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Health Insurance

Health Insurance 101: The Basics

Health insurance is the most important insurance you will ever buy. Without health insurance, an illness or accident can destroy you financially and catapult you and your loved ones into debts so deep you may never recover.

Health insurance pays for medical expenses when you or your family members need medical attention. For a monthly or annual premium payment, the insurance company will provide payment to healthcare providers and hospitals to care for you and your family. Services provided for, include medical exams, drugs and treatments referred to as “covered services” in your insurance policy. Read your health policy carefully to know what your “covered services” include.

With all insurances, there are exclusions and limitations. Health insurance protection and limitations vary widely. It is important to compare health care providers and the services that they provide.
You may purchase healthcare insurance from the insurance company directly or through an agent or independent broker. Or you may choose as most people do to buy healthcare insurance through employer-sponsored programs at your work place.

Be aware of you deductibles and how much they comprise.
The higher the deductible, the lower your premiums. Insurance companies use deductibles to discourage unnecessary medical treatment and to keep premium costs down for policy holders.

Co-insurance means the percentage split per calendar year between you and the insurance company. If the co-insurance arrangement is 80/20, then it means you pay 20 percent of all medical plus the deductible amount.

A co-pay arrangement plan is the specified amount that you agree to pay every time you.For a visit to your  doctor, you may pay $20 as a co-payment. Co-payment and the co-insurance are not to be confused as they are two different things.

Stop loss limit is the total  amount ofexpenses in excess of the deductible after which your coinsurance payment ceases and the insurance carrier pays 100% of covered expenses. The stop-loss limit is the total out-of-pocket costs for the insured individual.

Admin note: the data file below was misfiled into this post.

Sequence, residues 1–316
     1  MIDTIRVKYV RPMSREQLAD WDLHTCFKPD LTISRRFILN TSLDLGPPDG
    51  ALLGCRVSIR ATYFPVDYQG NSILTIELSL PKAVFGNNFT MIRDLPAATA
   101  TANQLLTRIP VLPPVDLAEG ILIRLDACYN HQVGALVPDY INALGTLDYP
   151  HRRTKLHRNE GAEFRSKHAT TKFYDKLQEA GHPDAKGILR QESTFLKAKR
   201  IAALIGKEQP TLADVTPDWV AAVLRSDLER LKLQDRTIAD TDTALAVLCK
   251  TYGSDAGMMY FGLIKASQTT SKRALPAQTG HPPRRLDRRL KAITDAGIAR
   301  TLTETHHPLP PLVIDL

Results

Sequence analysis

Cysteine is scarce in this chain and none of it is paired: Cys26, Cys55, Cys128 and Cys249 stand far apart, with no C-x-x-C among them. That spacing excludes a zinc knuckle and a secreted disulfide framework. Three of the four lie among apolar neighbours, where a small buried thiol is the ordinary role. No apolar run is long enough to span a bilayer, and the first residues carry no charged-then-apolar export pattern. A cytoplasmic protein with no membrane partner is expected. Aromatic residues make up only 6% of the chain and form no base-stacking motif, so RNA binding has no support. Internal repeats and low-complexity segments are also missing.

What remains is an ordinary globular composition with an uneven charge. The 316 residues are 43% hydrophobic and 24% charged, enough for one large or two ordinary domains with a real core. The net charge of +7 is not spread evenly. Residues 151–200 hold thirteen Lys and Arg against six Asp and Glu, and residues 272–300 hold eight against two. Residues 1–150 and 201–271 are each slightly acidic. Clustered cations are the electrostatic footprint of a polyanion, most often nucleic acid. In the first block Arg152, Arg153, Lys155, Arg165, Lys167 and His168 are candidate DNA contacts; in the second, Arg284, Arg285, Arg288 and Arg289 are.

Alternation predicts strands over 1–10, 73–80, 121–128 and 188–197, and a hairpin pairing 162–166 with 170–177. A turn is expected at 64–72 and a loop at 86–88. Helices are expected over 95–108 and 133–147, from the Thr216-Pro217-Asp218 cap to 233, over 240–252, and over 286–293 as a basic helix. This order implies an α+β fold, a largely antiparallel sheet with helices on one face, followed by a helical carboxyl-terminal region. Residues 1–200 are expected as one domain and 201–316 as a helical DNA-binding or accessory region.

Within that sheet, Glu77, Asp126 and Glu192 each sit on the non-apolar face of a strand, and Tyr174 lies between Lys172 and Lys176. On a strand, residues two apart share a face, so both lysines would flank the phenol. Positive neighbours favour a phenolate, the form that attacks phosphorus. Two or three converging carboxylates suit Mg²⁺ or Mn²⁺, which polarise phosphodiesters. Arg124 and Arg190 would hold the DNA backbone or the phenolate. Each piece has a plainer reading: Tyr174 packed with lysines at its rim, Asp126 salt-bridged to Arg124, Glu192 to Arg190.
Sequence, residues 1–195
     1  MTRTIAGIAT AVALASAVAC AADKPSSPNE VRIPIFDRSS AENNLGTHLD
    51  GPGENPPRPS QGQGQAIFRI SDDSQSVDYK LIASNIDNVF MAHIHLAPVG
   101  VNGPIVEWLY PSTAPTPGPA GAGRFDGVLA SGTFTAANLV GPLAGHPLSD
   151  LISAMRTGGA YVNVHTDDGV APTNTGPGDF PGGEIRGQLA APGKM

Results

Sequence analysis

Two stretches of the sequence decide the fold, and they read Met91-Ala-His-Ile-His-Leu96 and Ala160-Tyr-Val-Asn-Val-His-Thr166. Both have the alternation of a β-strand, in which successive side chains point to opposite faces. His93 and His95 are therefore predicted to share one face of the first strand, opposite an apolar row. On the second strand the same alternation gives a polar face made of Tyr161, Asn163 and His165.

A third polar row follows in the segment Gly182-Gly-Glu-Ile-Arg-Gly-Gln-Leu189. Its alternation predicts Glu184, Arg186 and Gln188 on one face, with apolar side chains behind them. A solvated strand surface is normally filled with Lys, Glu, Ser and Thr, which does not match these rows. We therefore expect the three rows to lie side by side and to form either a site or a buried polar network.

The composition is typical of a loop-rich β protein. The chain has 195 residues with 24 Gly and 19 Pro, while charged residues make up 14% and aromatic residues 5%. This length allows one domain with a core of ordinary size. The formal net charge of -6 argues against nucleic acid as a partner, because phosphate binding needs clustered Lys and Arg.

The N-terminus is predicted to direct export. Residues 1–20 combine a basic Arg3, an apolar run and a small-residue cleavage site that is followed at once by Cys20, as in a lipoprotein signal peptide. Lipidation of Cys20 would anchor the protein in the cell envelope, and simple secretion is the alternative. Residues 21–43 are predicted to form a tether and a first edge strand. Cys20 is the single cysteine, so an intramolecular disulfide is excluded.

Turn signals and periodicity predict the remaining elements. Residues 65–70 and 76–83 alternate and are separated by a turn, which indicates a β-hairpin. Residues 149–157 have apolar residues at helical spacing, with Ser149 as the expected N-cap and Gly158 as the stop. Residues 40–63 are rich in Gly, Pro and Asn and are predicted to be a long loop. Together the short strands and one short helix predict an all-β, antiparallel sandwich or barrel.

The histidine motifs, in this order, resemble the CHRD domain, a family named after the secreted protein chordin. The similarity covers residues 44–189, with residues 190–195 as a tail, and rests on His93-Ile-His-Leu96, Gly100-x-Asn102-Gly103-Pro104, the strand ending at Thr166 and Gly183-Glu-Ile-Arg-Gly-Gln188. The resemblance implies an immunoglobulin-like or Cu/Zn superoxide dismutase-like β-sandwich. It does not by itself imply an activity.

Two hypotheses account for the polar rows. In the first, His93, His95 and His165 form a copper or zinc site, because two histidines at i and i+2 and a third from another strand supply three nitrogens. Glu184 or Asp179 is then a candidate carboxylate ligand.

It is important to note that co-payments are applied after you pay the deductible amount. For example you pay the deductible amount first from the total bill, then your co-payment of 20 percent is applied to the remainder of the bill. The insurance carrier pays the remaining 80 percent.

Indemnity Plan

An indemnity or fee-for-service plan, is an insurance that reimburses you according to a schedule for medical expenses. These plans pay for hospital stays, surgical expenses and other general medical coverage as set out in the policy.

Benefit amount paid can be as a percentage (80/20) of costs or a scheduled amount of the actual expenses.

Health Maintenance Organizations (HMO)

The HMO is the type of insurance policy most people buy and frequently provided for by employers. HMOs provide a broad range of comprehensive healthcare services to an insured group for a fixed payment. With this type of insurance you must select a primary physician who screens all of your medical care providers that you may require during the year. Insurance companies attempt to control the cost and quality of care by coordinating health services with providers. Your physician is responsible for determining what care is required before making any referrals to specialists.

HMOs tend to be the most cost effective health insurance plans available. The downside is you may only select doctors and hospital approved in the insurance carrier’s network. If you use a non-network provider, your HMO plan does not have to cover the costs unless it’s for an emergency and or has been previously authorized.

Preferred Provider Organization (PPO)

PPOs are healthcare providers under contract with an insurance carrier, third-party administrators, or others (like employers) to provide medical care services at a reduced fee.

PPO healthcare providers are compensated on a fee-for-service based schedule, very much like a traditional doctor’s visit.

You may choose not to use the PPO’s healthcare providers or facilities. However you may be required to pay a higher co-payment and deductible.

Point of Service (POS)

Then there is thepoint of service plan. This is a more flexible alternative plan that allows for a combination a HMO, PPO and indemnity plan. It allows you to decide for yourself what services to use. You may end up payinga higher portion of the cost for the added flexibility.


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